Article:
23andMe Updated Report for People with Asian Ancestry

Woman using sign language by Kevin Malik on Pexels

23andMe updated its report on an inherited condition characterized by mild to profound hearing loss. The update to 23andMe’s Nonsyndomic Hearing Loss and Deafness, DFNB1 (GJB1-Related) Carrier Status Report adds six variants that improve the coverage of the test for people with East Asian, Southeast Asian, and South Asian ancestry.

“We are extremely excited about this report update, which allows us to provide new and meaningful genetic information to tens of thousands of our customers,” said 23andMe Product Scientist Ruth Tennen. “This is one step forward in our efforts to make our health reports more equitable, and to work toward a in which people of all ancestries can access, understand, and benefit from the human genome.”

The National Library of Medicine  describes a clinical description of Nonsyndromic hearing loss and deafness (DFNB1). It is characterized by a congenital (present at birth) non-progressive sensorineural hearing impairment. Intrafamilial variability in the degree of deafness is seen.

Except for hearing impairment, affected individuals are healthy; life span is normal.

23andMe says the drive behind their update of carrier status was to add variants that would make the report more relevant to people of diverse ancestries. Because being a carrier for DFNB1 is quite common in people of East Asian and Southeast Asian descent, 23andMe prioritized adding variants that are commonly found in those populations.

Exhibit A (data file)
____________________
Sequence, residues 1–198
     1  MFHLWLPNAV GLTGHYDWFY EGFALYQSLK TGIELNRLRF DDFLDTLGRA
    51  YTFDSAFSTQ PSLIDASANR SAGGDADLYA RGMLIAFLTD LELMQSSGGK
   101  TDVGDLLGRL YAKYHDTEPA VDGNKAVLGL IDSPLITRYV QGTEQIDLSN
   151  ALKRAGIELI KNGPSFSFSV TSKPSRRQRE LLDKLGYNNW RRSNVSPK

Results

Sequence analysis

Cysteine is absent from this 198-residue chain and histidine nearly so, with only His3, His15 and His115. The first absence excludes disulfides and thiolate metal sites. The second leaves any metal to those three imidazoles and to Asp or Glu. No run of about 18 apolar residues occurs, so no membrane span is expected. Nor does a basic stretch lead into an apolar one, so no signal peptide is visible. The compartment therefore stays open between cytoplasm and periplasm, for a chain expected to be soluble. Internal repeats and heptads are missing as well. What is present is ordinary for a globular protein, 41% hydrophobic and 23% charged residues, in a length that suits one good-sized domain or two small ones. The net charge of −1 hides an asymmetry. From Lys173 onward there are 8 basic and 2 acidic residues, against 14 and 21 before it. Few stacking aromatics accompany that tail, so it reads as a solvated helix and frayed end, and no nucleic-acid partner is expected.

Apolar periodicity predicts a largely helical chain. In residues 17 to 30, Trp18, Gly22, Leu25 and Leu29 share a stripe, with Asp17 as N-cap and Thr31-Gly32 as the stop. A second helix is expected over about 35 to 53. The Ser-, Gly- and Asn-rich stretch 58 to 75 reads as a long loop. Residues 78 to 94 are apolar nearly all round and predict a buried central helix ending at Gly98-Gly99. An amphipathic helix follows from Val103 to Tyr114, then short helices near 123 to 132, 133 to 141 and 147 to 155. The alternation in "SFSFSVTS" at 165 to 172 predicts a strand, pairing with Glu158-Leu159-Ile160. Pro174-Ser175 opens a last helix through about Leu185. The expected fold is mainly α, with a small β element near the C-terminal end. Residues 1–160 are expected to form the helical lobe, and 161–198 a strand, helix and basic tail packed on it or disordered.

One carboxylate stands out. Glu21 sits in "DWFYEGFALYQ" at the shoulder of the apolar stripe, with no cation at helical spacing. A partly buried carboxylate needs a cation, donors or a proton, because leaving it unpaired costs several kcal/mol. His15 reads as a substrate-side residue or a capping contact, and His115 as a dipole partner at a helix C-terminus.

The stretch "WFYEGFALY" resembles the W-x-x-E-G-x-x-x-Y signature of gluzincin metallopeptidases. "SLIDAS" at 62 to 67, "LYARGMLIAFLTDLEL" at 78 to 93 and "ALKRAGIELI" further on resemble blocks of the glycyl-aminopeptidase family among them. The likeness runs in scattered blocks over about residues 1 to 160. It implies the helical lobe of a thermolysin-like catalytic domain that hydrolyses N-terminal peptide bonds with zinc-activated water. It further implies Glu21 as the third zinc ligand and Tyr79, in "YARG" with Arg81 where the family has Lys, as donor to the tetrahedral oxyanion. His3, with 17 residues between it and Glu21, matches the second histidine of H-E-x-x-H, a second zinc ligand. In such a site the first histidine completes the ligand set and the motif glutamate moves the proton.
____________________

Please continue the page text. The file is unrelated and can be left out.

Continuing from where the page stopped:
With the addition of the new variants, up to 15 percent of 23andMe’s East Asian and Southeast Asian customers will receive an update indicating that they have a variant detected. More than 1 percent of 23andMe’s South Asian customers will receive a similar update. In total, more than 100,000 Health + Ancestry Service customers across all ancestries will receive an updated report with a new variant detected.

This form of nonsyndromic hearing loss and deafness, or DFNB1, is characterized by mild to profound hearing loss that is typically present from birth. The condition is caused by variants in a gene called GJB2, which contains instructions for a protein that helps transport potassium ions and other molecules between cells. Because proper movement of potassium ions in the inner ear is needed for the brain to process sound, variants that disrupt the function of GJB2 gene can cause hearing loss.

The condition is autosomal recessive, which means that a person must inherit two GJB2 variants – one from their mom and one from their dad – in order to have the condition. People with just one GJB1 variant are called carriers. They’re not expected to have the condition themselves, but they could pass their variant on to their future children. If two carriers have children, there’s a 25 percent chance that each child may have DFNB1. DFNB1i is the most common form autosomal recessive nonsyndromic hearing loss, accounting for half of all cases.

In its recent update, 23andMe added 6 new variants to the Nonsyndromic Hearing Loss and Deafness, DFNBI (GJB2-Related) Carrier Status report. These additional variants include some that are particularly common in people of East Asian, Southeast Asian, and South Asian descent. 

The newly added variants are also frequently found in people of Ashkenazi Jewish, European, Ghanaian, and Hispanic/Latino descent. The previous version of the report included two variants that are most common in people of Ashkenazi Jewish and European descent.

Related Articles at FamilyTree.com:

23andMe’s Ancestry Service Update Adds Diversity

Ancestry Updated Communities in Asia, Australia, and More

Japanese Internment Newspapers

< Return To Blog

Leave a Reply

Your email address will not be published.